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Thread: Enphase Microinverters - Cost Effective?

  1. #1

    Default Enphase Microinverters - Cost Effective?

    Hi All!
    Just became aware of these Enphase Microinverters (http://www.enphaseenergy.com/products/) and was wondering if anyone here has experience with them. since I have a very long cable run (~400ft (round trip) I was thinking that conversion to 240V AC at the PV source might be a good idea to minimize IR loss. What would be the advantage of this microinverter option vs. wiring up panels for 24V or 48V (more loss) and using a conventional MPPT controller and a standard pure sine wave inverter. Looks like you need one microinverter per PV panel (~$200 each) and for ~180W panel you can anticipate ~750ma @240V. If I am doing my math correct for a 15A AC branch circuit that would add ~$4000! (need ~15 inverters). What's the deal???

    Thanks for any comments/ thoughts!
    Best
    Wayne

  2. #2
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    Default Re: Enphase Microinverters - Cost Effective?

    Yep... You are looking at them correctly.

    You might call NAWS (our host)... They were supposed to have installed a large area on their roof some time this spring--last I heard.

    One thing I am not sure I like is their logging... They use the AC line for communications and you need to purchase a host to monitor them. There is nothing to look at to make sure they are all working correctly.

    $340 for the device--And, it may need internet access for full functionality (you access your data through their website). And there may be a yearly web fee too.

    If you had a large GT inverter--you could run a higher voltage DC (around 400-500 VDC) from the panels to the GT inverter and save copper losses that way.

    The best you could pick for a off-grid system would be ~100 VDC (140 VDC maximum working voltage)... Better than a lower voltage--but still not as nice as the high voltage GT inverter.

    Could also install the battery shed 400' away (with the inverter) and run 240 VAC to the home too.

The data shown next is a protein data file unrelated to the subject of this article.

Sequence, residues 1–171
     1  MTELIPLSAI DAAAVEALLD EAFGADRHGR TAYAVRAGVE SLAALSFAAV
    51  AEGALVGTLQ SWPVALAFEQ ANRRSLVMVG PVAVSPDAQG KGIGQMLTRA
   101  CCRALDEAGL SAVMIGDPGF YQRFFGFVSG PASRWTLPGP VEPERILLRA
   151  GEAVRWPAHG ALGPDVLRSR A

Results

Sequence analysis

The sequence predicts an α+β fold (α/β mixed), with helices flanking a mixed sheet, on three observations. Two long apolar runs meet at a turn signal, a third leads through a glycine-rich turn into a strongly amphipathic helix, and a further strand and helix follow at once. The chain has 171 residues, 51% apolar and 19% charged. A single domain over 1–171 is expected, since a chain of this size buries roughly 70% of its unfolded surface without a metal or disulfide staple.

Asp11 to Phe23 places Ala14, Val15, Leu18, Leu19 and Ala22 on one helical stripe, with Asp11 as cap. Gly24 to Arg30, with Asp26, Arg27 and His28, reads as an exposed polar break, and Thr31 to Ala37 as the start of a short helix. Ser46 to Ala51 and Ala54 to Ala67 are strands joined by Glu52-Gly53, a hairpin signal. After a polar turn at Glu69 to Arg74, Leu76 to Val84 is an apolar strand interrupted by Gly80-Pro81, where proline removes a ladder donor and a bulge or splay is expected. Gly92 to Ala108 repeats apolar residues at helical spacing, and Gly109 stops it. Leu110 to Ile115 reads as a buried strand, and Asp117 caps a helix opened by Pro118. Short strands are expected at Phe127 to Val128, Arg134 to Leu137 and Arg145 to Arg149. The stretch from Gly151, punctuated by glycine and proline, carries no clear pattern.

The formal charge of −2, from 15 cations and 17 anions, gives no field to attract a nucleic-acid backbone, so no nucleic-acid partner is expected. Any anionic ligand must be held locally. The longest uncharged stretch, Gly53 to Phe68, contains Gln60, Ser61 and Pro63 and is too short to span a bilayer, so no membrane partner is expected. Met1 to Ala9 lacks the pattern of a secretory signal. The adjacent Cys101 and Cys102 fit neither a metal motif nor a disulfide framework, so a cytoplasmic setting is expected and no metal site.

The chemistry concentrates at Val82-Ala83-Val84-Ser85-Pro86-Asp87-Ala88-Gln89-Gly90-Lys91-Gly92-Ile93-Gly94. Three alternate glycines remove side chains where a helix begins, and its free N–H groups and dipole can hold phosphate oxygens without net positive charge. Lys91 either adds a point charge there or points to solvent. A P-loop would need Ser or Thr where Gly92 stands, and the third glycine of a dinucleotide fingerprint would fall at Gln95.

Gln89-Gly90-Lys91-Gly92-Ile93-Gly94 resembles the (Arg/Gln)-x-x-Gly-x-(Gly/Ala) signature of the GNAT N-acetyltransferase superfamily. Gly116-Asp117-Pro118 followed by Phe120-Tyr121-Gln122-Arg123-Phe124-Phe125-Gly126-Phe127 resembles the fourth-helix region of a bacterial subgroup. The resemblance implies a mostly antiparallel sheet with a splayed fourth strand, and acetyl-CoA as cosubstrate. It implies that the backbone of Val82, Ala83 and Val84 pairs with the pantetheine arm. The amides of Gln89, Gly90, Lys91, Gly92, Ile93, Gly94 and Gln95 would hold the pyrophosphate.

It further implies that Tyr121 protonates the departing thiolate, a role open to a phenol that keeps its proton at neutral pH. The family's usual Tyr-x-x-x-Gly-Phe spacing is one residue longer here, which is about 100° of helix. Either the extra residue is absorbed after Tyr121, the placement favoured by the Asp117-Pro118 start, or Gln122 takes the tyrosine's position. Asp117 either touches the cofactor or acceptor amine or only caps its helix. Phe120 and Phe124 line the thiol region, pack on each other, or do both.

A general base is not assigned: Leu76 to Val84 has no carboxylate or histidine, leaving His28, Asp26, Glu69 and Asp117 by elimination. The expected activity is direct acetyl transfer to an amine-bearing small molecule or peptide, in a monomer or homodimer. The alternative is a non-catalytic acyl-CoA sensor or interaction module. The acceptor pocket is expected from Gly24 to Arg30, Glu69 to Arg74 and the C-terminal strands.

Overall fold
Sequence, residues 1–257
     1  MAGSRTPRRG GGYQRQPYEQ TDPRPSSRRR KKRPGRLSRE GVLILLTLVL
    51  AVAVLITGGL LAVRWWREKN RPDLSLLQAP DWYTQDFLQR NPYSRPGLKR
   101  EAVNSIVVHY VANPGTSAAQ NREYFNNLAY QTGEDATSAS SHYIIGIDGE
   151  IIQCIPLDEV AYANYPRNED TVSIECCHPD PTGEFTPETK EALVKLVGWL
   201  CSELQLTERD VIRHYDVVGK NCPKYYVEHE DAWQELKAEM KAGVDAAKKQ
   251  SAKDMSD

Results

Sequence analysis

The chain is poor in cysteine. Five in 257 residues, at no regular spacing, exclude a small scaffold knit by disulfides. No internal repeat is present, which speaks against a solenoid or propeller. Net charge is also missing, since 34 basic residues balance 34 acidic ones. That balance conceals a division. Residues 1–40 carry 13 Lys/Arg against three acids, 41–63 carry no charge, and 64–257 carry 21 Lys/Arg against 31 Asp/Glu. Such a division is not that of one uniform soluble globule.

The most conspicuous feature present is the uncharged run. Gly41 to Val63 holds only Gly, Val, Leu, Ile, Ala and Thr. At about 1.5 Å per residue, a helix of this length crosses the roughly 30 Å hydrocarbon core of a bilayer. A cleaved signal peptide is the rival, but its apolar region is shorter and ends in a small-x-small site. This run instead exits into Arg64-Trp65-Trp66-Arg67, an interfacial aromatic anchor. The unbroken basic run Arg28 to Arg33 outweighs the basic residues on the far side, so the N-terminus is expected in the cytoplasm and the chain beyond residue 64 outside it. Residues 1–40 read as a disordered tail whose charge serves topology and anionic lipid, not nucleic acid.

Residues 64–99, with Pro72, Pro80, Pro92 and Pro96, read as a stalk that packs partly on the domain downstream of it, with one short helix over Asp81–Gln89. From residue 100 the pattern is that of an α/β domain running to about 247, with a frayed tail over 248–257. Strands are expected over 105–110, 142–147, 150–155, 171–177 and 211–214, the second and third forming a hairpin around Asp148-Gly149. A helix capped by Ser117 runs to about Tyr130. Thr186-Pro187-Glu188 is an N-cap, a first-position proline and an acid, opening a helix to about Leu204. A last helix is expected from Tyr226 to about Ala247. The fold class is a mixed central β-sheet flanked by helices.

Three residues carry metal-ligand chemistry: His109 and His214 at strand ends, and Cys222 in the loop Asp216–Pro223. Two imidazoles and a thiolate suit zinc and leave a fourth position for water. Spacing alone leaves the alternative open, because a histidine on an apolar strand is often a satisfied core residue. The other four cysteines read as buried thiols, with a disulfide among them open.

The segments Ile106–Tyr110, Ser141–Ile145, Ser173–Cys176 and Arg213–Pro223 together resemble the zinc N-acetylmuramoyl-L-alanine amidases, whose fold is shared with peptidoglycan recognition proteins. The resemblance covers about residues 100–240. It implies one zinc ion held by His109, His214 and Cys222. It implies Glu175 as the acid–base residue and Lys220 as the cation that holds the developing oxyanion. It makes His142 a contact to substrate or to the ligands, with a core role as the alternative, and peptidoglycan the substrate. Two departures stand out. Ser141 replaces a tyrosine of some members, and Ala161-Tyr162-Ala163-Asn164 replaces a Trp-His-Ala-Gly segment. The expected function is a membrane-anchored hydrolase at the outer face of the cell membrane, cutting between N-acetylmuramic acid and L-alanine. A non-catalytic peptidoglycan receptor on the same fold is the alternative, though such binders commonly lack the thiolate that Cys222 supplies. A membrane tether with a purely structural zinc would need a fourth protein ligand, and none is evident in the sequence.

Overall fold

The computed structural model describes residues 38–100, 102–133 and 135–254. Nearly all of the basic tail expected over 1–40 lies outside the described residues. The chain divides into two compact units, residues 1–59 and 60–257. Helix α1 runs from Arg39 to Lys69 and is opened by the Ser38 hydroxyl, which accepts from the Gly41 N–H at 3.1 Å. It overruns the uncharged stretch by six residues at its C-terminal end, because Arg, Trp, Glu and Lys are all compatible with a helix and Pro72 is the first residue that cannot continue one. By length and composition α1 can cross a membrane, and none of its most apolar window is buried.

Lots of options--but none are good if you don't get sun from ~9am-3pm--or possibly 7am-noon or noon-7pm (arrange your arrays to point east or west).

    -Bill
    Last edited by BB.; May 24th, 2009 at 16:15 PDT. Reason: fix spell'n and grammer.

  3. #3

    Default Re: Enphase Microinverters - Cost Effective?

    The Enphase converters produce 240 with a neutral so from an IR loss point of view, they are 120V. My 14 panel string produces about 350V nominally and that is #X the voltage giving a 3X IR advantage. For IR advantage, you want the lowest current and highest voltage. Running 120V requires 3 times the copper for the same IR loss at a equivalent current. That would suggest the Enphase approach is not good from an IR point of view for long distances from the panels to the main meter panel.

    On the other hand, it does have some large advantages that COULD outweigh the copper cost. Since the individual Enphase inverters maintain the optimum MPP per panel over all conditions and life and provide per panel performance monitoring, that can have a huge advantage if you have a large array with long strings and combined ( large series parallel array) and are concerned about shade ( trees, telephone poles, towers, TV antennas etc..). If you have a small array with no combining and short strings and NO shade issues and the environment is clean plus long panel to meter runs, the Enphase gain is minimal. Unless they get their price down to the $100-$125 range, there will always be trade offs. At $100 per inverter and good reliability and performance monitoring, its almost a NO BRAINER.

    National Semiconductor is also offering an MPP optimizer called the "Solar Magic" http://www.solarmagic.com/products which has the same MPP gains plus I believe the Performance monitoring. They too need to get their cost down to $100. Both approaches can squeeze more power out "harvesting" but efficiencies are critical. The aggregate efficiency of the MPP optimizer and the DC-AC inverter must be good = 95% TOGTHER!

    Tom

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    Default Re: Enphase Microinverters - Cost Effective?

    As far as I know (which is not that much) wrt to the Enhase inverters--they are true 240 VAC inverters (or 208/230 VAC depending on the particular unit you purchase).

    I would guess the Neutral is part of the new code for GT inverters that not only require the inverter to monitor for "240 VAC 60Hz" across L1 and L2, they are also monitoring for 120 VAC across L1-Neutral and L2-Neutral so they can shutdown if there is a neutral "fault" (broken wire or earth ground to neutral common bus connection).

    My 4 year "old" 3 kW GT inverter (Xanrex) only has L1/L2/green wire for connections. The "new" GT inverters now have a neutral wire pulled to the inverter (for monitoring--no power transmission that I know of).

    Enphse does not (that I am aware of) send any current down the neutral tap.